I’ve noticed how so many people tend to crap all over their enjoyment of life; they don’t give themselves permission to celebrate even pretty spectacular stuff. Watch today’s video below, to find out if you’re doing this, and how to stop.
I was having a conversation with one of my clients the other day about how we often sabotage ourselves from truly enjoying life and really enjoying the moment, and I recalled that in the 90’s I was living in Las Vegas where I was a dealer in a casino for almost 5 years (one of my past lives, in this life).
The divide between the locals and the tourists
One of the things that I observed back then between the locals and those people who came to Vegas a lot, who were in the know and were used to the establishment – they knew how to act in Vegas, was that there was a real divide between them and the tourists, those tourists who maybe hadn’t come to Vegas before. This divide is always there in resort towns or establishments that have a lot of regulars and non-regulars.
You’ll also see the same thing happening in cities where there’s a lot of tourism. For example, in Barcelona, where I lived, you could see the divide with the locals (and the people who considered themselves locals, even though they’re foreigners), when the tourists came in. This divide can usually been seen by the level of enthusiasm that people have.
The local people in Vegas who went to the casinos and gambled a lot barely gave things a second glance. There are these huge casinos in Vegas with gorgeous decorations, things that look like the Eifel Tower or a little New York and other amazing creations (the size of small cities really) that the locals went by every day, but because they’re used to it, they didn’t give anything another glance. So the people who came to Vegas a lot or who lived there, they usually didn’t have a whole lot of emotion going on. They’d put their chips in, “Meh!” Maybe they’d lose a hand, “Meh!” They’d place another bet, “Meh!”, even win a hand, “Meh!” Everything was kind of “Meh!”. There wasn’t a lot of emotion when they won; there wasn’t a lot of emotion when they lost; there just wasn’t a lot of emotion.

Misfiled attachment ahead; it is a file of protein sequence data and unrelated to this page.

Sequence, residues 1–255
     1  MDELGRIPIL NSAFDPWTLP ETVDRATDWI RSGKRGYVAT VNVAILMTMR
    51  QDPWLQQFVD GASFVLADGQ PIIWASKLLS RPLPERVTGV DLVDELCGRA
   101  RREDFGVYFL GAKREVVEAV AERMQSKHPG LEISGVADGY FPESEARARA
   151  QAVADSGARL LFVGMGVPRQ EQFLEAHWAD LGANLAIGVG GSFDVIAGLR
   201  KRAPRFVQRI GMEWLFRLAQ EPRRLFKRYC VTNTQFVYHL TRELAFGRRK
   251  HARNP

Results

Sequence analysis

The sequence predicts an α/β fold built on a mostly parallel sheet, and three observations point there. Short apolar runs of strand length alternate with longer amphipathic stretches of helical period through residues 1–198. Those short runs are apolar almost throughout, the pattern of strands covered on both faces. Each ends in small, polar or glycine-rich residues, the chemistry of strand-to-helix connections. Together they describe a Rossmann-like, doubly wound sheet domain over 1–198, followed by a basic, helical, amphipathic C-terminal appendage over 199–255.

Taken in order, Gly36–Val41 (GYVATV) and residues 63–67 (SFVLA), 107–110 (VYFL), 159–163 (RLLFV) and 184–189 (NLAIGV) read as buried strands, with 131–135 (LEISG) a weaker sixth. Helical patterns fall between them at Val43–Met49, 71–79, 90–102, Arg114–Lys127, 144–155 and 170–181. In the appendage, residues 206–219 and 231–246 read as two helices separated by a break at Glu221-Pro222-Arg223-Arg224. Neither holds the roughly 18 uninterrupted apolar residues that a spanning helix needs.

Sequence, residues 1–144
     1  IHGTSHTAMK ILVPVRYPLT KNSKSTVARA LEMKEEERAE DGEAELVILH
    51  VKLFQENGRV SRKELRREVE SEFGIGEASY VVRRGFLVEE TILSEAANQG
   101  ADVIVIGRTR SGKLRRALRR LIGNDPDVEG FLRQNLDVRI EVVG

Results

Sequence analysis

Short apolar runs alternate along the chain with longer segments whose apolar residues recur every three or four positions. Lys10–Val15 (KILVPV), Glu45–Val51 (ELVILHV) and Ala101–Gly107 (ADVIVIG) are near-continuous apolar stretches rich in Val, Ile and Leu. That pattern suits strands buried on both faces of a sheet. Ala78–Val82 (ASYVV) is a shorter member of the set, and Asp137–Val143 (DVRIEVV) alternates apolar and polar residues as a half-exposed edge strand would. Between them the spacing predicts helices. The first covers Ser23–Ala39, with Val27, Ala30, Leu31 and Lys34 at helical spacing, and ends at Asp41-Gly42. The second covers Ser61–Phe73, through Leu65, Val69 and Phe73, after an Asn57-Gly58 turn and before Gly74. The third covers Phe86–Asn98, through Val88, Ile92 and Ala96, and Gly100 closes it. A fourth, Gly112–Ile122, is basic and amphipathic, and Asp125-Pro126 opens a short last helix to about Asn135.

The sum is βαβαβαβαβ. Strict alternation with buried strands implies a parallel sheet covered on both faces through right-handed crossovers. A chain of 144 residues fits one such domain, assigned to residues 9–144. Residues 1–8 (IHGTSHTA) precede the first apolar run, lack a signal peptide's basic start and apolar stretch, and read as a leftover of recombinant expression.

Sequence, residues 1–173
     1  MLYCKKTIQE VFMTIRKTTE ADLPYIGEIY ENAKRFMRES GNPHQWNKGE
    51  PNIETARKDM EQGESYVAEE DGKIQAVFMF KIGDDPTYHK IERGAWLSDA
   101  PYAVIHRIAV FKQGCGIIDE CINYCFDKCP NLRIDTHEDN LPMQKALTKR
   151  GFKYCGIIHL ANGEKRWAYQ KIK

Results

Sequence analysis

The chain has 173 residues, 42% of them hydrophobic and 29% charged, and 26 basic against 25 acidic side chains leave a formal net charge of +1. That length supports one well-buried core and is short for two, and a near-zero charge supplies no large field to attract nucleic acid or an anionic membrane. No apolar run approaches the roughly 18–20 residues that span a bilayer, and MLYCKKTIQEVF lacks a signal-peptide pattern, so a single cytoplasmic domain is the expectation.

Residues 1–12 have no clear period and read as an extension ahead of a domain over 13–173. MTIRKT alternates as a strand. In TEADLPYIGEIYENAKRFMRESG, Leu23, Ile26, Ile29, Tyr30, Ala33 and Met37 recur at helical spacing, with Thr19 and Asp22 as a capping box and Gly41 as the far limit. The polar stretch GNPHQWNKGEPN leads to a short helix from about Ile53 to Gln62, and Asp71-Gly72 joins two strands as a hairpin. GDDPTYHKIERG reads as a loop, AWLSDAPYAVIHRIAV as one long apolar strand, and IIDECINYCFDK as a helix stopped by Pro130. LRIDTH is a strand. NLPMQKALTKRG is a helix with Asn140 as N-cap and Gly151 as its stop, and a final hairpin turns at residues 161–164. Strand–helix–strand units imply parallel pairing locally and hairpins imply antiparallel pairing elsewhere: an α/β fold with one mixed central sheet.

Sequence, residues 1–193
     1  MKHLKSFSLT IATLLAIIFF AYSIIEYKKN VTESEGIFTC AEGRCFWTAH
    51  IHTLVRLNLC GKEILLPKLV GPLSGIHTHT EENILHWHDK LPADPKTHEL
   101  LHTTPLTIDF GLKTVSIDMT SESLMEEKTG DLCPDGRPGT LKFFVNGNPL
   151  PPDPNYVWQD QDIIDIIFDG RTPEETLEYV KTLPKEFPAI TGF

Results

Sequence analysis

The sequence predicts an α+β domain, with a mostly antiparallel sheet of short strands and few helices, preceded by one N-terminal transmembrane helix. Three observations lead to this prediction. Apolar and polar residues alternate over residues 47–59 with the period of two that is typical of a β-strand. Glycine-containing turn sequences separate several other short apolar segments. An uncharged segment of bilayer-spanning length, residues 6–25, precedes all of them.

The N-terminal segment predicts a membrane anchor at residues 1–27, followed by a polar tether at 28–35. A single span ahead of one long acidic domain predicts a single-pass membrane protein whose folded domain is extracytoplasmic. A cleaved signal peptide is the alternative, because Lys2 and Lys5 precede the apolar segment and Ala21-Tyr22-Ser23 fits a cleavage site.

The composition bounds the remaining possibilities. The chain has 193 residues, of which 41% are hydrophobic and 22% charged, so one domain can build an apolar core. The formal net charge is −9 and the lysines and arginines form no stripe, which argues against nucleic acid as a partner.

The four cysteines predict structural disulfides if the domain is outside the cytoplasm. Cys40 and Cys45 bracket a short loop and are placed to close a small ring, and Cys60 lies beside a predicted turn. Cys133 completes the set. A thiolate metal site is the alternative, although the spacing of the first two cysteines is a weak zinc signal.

I dealt very high stake games, but every once in a while I’d get a break from those tables and I’d be put on the $5 tables which is considered a low limit table – the lowest limit table that large casinos have; for example $5 blackjack. I’d get some tourists from the Mid-West who’d never been to Vegas or they’d only once been to Jackpot or Reno. These guys were placing a $5 bet, and don’t get me wrong, $5 per bet can add up to a lot of money, but in Vegas terms it’s not an incredible amount of money. If these guys won, or god forbid got a blackjack, they would lose their goddamned minds! They would be high-fiving the entire table and joking around having a fantastic time. If they lost, they’d still have a big reaction – “Oh, I thought I had that one! Better luck next time; its ok!” They’d jokingly rile each other up; they were having the best of times.